A prominent characteristic of the current Maltese skyline is undoubtedly the excessive number of cranes soaring high above our towns and villages, likened by many to monsters eating away what is left of our spaces and buildings of historical value. The irony of it all is that whoever is interested in simply swelling his coffers tries to have everyone believe that Malta cannot do without such development as this is a sign of progress. If this is true, how come one hears so many people complaining about the excessive construction that is gradually ruining our environment in practically every corner of our country? Isn’t development meant to generate well-being, tranquillity and comfort? Development can be seen as a process of expanding the real freedoms that people enjoy.
The Interdiocesan Environment Commission (KA) has—under various administrations—repeatedly reminded the authorities of the need to actively put an end to the unsustainable rise in construction, in the absence of any serious planning due to its negative impact on society. Some argued that the KA’s position would threaten Malta’s development. But the KA is pleased to note a constant increase in the number of associations that are pronouncing their concerns on unbridled construction.
We have lately witnessed a new phenomenon in various communities: people in Malta and Gozo are uniting to express themselves against the unsustainable development of their locality. Worth mentioning are residents of: Luqa, Pembroke, Swieqi and St Julians, Rabat, Għarb, San Lawrenz, Żejtun, and more recently Pietà. Whilst sharing the same concerns of all these residents, the respective local councils, and of whoever has the natural and architectural heritage of our islands at heart, the KA appeals to the authorities to listen to the voices of the communities they are obliged to serve.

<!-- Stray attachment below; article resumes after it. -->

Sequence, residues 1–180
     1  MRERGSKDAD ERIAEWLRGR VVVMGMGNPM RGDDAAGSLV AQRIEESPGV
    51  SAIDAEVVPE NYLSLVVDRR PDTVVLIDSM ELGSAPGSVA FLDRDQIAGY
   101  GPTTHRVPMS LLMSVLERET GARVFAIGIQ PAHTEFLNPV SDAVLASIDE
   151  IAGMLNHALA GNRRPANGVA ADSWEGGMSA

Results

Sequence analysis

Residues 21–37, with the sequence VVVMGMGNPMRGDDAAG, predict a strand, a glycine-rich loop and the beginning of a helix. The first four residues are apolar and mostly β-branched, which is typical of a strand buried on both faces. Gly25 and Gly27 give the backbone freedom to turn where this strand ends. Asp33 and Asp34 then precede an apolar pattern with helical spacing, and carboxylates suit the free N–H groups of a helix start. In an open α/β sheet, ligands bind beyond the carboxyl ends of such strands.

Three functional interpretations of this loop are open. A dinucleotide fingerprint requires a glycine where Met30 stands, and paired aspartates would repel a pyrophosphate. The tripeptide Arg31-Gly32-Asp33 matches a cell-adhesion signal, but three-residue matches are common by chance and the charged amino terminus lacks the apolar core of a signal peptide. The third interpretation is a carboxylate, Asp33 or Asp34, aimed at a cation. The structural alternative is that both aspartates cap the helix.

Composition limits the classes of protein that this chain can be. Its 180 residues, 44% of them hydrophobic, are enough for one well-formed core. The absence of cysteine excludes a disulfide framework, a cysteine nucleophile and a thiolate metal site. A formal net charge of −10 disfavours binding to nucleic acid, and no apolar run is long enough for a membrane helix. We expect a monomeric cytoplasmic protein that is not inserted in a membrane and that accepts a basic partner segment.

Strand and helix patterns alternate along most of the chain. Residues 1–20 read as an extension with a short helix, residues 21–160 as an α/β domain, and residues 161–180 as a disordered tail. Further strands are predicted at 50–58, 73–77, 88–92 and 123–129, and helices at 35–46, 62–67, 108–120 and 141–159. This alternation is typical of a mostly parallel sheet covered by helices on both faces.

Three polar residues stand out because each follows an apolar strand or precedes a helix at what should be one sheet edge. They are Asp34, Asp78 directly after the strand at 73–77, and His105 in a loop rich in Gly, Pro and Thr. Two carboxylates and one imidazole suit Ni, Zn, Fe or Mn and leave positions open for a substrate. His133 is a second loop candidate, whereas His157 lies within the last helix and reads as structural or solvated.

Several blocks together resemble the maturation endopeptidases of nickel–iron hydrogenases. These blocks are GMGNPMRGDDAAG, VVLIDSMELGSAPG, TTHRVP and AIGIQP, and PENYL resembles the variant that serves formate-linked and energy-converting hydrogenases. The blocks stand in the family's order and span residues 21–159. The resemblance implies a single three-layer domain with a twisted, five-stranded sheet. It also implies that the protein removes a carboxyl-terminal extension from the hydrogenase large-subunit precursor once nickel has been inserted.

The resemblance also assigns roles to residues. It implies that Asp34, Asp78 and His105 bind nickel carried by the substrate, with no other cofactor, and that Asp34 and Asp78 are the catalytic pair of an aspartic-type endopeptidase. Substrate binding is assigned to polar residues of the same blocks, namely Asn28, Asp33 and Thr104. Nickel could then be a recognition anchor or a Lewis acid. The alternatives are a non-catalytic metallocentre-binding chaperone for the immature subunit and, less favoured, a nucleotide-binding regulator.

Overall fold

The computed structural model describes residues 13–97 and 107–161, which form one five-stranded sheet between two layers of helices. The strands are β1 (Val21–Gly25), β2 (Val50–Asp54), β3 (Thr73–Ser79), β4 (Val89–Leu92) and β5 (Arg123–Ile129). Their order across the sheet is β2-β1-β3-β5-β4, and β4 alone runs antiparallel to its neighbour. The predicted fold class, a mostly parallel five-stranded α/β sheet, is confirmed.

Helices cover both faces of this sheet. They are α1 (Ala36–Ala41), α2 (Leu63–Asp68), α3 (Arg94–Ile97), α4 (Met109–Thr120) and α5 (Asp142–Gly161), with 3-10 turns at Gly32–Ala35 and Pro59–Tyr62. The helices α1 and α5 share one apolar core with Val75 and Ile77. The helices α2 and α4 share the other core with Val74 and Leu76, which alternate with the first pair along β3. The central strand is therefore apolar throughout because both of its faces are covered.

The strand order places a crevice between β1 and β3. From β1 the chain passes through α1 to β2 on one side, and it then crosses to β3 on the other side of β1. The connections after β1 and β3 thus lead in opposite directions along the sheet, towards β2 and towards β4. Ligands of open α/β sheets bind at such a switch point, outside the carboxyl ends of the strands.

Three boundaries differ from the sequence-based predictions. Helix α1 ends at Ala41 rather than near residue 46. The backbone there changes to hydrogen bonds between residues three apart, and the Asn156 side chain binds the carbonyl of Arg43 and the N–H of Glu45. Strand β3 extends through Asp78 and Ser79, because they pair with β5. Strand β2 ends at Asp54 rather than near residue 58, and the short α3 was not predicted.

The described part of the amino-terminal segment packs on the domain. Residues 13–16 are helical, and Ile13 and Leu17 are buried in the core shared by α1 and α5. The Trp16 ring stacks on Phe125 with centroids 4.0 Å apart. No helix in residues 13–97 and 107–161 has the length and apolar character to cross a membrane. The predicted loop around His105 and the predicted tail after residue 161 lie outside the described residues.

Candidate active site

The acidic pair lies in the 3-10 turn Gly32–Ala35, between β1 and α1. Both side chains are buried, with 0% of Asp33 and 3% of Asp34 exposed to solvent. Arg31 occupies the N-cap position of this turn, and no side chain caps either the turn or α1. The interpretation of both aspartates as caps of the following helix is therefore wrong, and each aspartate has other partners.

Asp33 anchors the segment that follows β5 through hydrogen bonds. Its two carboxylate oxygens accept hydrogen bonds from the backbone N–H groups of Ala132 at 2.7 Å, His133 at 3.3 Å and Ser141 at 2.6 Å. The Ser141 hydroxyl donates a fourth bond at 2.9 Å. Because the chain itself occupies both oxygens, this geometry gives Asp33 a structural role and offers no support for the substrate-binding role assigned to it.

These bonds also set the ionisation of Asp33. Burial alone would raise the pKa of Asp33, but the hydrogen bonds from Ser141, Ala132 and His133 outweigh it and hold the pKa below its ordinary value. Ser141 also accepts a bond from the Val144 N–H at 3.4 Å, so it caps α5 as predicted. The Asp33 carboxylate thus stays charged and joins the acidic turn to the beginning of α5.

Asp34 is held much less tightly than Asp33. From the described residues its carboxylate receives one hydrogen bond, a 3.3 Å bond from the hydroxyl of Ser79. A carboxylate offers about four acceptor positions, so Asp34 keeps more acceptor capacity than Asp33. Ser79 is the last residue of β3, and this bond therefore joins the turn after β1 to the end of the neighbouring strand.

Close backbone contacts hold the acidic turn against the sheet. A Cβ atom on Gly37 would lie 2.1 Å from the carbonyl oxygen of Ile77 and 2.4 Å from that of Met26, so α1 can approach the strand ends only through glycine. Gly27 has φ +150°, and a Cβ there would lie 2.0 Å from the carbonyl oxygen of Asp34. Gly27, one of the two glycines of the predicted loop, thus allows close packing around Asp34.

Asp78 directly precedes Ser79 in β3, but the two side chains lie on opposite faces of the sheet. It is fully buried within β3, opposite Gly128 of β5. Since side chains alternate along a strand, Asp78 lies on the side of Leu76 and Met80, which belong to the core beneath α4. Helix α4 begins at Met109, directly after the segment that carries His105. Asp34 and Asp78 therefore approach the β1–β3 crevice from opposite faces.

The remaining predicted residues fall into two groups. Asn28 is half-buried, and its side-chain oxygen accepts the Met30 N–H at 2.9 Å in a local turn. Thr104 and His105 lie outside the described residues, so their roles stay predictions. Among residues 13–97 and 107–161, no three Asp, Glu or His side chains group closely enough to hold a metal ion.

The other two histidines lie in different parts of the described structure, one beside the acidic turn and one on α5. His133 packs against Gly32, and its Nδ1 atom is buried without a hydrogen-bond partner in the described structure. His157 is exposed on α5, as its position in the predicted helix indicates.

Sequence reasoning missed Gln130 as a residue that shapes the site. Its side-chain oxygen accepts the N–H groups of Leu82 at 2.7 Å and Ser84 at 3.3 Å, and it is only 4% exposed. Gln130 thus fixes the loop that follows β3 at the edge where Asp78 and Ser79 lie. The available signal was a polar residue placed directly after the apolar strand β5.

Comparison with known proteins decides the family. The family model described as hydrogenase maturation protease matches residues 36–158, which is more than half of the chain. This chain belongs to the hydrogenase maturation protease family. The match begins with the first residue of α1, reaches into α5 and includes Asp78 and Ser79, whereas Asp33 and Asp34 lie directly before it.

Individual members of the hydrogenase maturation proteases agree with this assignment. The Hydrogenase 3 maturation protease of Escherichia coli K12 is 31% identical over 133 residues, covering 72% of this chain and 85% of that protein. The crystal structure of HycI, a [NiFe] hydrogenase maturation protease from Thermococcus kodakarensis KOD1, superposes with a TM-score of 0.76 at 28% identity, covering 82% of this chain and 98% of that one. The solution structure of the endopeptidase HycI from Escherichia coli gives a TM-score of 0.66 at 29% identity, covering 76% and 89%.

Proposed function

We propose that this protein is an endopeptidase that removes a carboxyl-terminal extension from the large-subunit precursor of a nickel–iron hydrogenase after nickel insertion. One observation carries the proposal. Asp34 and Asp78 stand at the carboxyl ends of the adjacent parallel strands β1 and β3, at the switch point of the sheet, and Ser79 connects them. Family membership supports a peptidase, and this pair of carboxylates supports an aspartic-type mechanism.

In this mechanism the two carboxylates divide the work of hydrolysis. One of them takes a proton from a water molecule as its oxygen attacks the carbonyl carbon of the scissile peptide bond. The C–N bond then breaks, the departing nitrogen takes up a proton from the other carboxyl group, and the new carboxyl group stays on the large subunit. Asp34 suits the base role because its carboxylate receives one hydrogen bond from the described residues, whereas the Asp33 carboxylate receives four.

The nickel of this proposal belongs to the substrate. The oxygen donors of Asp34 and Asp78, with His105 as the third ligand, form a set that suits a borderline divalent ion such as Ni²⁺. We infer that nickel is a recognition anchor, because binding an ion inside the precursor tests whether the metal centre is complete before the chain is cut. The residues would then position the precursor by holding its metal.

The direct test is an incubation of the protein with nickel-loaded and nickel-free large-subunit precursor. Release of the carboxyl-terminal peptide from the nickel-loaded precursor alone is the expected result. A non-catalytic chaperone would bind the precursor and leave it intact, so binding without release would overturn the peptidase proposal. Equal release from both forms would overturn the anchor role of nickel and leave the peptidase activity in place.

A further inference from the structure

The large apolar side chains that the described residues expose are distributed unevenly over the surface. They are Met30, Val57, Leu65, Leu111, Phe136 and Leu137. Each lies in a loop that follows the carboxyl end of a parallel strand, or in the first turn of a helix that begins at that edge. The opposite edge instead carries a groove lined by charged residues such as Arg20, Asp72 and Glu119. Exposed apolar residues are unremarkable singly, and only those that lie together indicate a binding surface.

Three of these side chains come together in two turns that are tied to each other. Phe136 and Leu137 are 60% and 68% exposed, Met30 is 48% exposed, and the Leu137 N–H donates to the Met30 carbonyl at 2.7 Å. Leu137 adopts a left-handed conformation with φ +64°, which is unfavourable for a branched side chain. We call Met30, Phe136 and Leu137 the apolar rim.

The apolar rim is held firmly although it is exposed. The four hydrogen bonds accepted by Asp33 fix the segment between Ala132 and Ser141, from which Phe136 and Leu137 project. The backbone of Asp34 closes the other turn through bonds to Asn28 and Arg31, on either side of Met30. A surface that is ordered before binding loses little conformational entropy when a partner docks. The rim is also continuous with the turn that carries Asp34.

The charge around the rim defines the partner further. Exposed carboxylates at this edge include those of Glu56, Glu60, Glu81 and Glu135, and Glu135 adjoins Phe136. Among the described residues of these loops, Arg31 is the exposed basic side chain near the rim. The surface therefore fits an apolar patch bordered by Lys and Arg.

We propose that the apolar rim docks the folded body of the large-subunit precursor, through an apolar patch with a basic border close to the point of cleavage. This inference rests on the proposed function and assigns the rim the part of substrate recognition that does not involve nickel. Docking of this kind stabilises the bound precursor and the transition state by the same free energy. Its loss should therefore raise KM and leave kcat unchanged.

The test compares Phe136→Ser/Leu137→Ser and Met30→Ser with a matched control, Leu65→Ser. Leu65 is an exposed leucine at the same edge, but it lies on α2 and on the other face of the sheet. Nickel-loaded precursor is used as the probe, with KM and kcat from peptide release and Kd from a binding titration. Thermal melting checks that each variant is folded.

Worth mentioning is the fact that in a number of these localities, the representatives of the political parties have ignored their political allegiance and spoke with one voice in giving the good of their locality and their fellow residents’ priority over any partisan interest. This undoubtedly gives more strength to citizens, as the energy which would otherwise have been wasted in senseless partisan bickering, is focused on the issues that are really important. At the same time, however, it is fundamental that the authorities give due importance to what the communities have to say in deciding over cases of particular significance, as no one can better understand the impact that such decisions may have on their locality.
The KA feels that the citizens have long been hearing about so-called studies (yet never made public) which predict that Malta needs more construction to improve the quality of life of the Maltese. Nevertheless, this prediction does not seem to be occurring, and we are witnessing a growing discontent at the way our natural and urban environment is being destroyed. This, and not the vain promises of individuals who may have ulterior motives, are the real signs of the times which should be heeded by whoever is responsible for Malta’s future.
Development as Freedom – Amartya Sen, economist and philosopher, Nobel Prize winner 1998